Rialto Bridge

Currently Open
  • Address: Sestiere San Polo, 30125 Venezia, Italy, Venice
    Map
  • Timings: 24-hrs Details
  • Ticket Price: Free
  • Time Required: 00:30 Mins
  • Tags: Outdoors, Bridge, Family And Kids, Architecture

Soaring over the Grand Canal, and connecting San Polo and San Marco, the Rialto Bridge is Venice’s pride and joy. After several wooden bridges in the medieval ages collapsed, Anthony da Ponte took three years to leave behind this beautiful architectural marvel. Once upon a time, merchants would set up day long shops here… now it’s tourists. The bridge’s high arch (7.5 meters) is due to the galley ships that had to pass under it in the days of old. It’s easily one of Venice’s most photographed sights, and is especially fetching at Sunset. There are about 15 stalls still right on the bridge, and the indomitable Rialto Market is of course, right next to it. If you’re on land, and not passing by under it, keep your wallet handy – this is shopping central.

Rialto Bridge is one of the tourist attractions in Venice Itinerary 2 Days. You must visit this amazing tourist attraction in Venice.

  • Visit at sunset or sunrise or night.

  • Water bus line 1 and 2

Love this? Explore the entire list of things to do in Venice before you plan your trip.

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  • Rialto Bridge Address: Sestiere San Polo, 30125 Venezia, Italy, Venice
  • Rialto Bridge Timing: 24-hrs
  • Rialto Bridge Price: Free
  • Best time to visit Rialto Bridge(preferred time): 07:00 am - 07:00 pm
  • Time required to visit Rialto Bridge: 00:30 Mins
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  • 82.59% of people who visit Venice include Rialto Bridge in their plan

  • 20.43% of people start their Rialto Bridge visit around 08 AM - 09 AM

  • People usually take around 30 Minutes to see Rialto Bridge

Tuesday, Friday and Saturday

91.72% of people prefer walking in order to reach Rialto Bridge

People normally club together Grand Canal and St Mark's Square while planning their visit to Rialto Bridge.

* The facts given above are based on traveler data on TripHobo and might vary from the actual figures
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Google+
  • Wow, very beautiful bridge! It is such a very large symbol of Venice that it is used all over the world in Venetian themed things. Standing on this bridge feels so relaxing I could just sit on it for days and look at boat and gondola in Grand Canal all day long! This is basically a must see when you are walking in Venice. It also has great shops that are located physically on the bridge.

  • Oh Venice!! My love Venice. This is such a beautiful island with such rich history in very street lane, bridge and building. It is truly a beautiful place that has stood still in time while the world had moved on and that is why you will fall in love with Venice. I enjoyed my visit.. from walking the cozy streets to taking the ferries or enjoying some delicious pasta. St. Mark’s Square is a must ... such rich architecture and the Basilica is a sight to behold ... so breathtaking. You must visit Venice as I will in the future.

  • Definitely an icon in Venice. Is a beautiful bridge, with amazing views of the gran canal. There are lots of souvenir shops where you can get nice Venice memories... Go early in the morning, see the sunset and avoid the crowds. Or late at night, to get a different view with the night lights.

  • The Rialto Bridge is absolutely one of the must do sightseeing events on a trip to Venice. The best time to visit Venice is earlier in the year, when it’s cooler and has fewer people. As far as the bridge is concerned, see it from every angle, walk over it (both ways) and also see it from the sides. Take your time, linger and take it all in. Enjoy!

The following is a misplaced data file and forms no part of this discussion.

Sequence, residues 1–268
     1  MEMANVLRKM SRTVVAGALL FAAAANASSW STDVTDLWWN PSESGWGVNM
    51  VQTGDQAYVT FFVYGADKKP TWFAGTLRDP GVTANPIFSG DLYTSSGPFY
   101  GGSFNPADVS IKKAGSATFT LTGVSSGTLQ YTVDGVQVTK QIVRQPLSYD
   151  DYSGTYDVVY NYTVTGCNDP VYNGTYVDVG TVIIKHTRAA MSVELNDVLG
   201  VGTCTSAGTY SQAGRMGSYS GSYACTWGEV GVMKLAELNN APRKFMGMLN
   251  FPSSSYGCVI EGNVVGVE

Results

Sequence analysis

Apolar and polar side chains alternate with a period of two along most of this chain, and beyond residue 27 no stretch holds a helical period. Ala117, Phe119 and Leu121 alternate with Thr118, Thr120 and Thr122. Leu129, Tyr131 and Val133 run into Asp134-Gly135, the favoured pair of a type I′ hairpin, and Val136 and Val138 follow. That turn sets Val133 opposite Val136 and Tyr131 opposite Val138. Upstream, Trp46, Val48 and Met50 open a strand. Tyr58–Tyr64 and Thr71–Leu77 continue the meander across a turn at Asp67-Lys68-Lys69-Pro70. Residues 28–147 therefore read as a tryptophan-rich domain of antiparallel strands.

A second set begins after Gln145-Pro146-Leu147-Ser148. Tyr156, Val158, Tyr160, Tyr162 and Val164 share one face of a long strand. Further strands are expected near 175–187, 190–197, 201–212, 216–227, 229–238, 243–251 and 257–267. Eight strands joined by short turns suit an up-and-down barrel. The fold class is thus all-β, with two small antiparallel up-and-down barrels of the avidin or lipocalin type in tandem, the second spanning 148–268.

• According to the chronicles, the first passage on the Grand Canal consisted of a bridge of boats. A real bridge, resting on wooden poles, was built by Nicolò Barattierosotto the dogado of Sebastiano Ziani or Orio Mastropiero (second half of the 12th century) [1] and assumed the name of "Ponte della Moneta" the eastern end of the work, stood the old mint. According to the Chronicondi Andrea Dandolo, the event took place in 1264 under the slate of Renier Zen (1252-1268): The increasing importance of the Rialtosulla market on the eastern side of the canal increased the traffic on the floating bridge. Around 1250 it was replaced by a structural wooden bridge. The structure consisted of two inclined ramps that joined a movable central section, which could be raised to allow the passage of taller ships. Given the close association with the market, the bridge changed its name and became Ponte di Rialto. In the first half of the fifteenth century two rows of shops were built along the sides of the bridge. The income from the rentals, collected by the state treasury, contributed to the maintenance of the bridge. In 1503 the construction of a stone bridge was proposed for the first time. In the following decades several projects were evaluated. The first project was executed in 1514 by fra Giovanni Giocondo for the remake of the Rialto market. Another collapse occurred in 1524. In 1551 the Venetian authorities issued a tender for the rebuilding of the Rialto bridge. A commission of three supervisors was appointed over the bridge and the Rialto factories, consisting of Antonio Cappello, Tommaso Contarini and Vettor Grimani. Starting from 1554 other projects were presented by the most famous architects of the time, but only at the end of the 16th century the doge Pasquale Cicogna launched a competition. Proposals came from architects such as Jacopo Sansovino, Andrea Palladio and Giacomo Barozzi da Vignola, but all proposed a classic approach with many arches. There are two proposals by Palladio [2], which both provide for the rationalization of the entire Rialto area, with two commercial holes at the bridgeheads. The competition was re-proposed in 1587 and Vincenzo Scamozzi and Antonio da Ponte took part, but Da Ponte got the better of it; his project was chosen, on 9 June 1588, because he proposed a single arch [3]. The work was completed in 1591, thanks to the help of the architects Antonio [4] and Tommaso Contin da Besso, today the Lugano district, who were his nephews, as sons of the son-in-law Bernardino Contin. A detta delle cronache, il primo passaggio sul Canal Grande era costituito da un ponte di barche. Un ponte vero e proprio, poggiante su pali in legno, fu costruito da Nicolò Barattierosotto il dogado di Sebastiano Ziani o di Orio Mastropiero (seconda metà del XII secolo)[1] e assunse il nome di "ponte della Moneta" visto che, presso l'estremità orientale dell'opera, sorgeva l'antica zecca. Secondo il Chronicondi Andrea Dandolo, l'evento avvenne nel 1264sotto il dogato di Renier Zen (1252-1268):La crescente importanza del mercato di Rialtosulla sponda orientale del canale fece aumentare il traffico sul ponte galleggiante. Attorno al 1250 fu sostituito da un ponte di legno strutturale. La struttura era costituita da due rampe inclinate che si congiungevano presso una sezione centrale mobile, che poteva essere sollevata per consentire il passaggio delle navi più alte. Data la stretta associazione con il mercato, il ponte cambiò nome e diventò Ponte di Rialto. Nella prima metà del XV secolo lungo i lati del ponte vennero costruite due file di negozi. I proventi derivanti dagli affitti, riscossi dalla tesoreria di stato, contribuivano alla manutenzione del ponte.Nel 1503 venne proposta per la prima volta la costruzione di un ponte in pietra.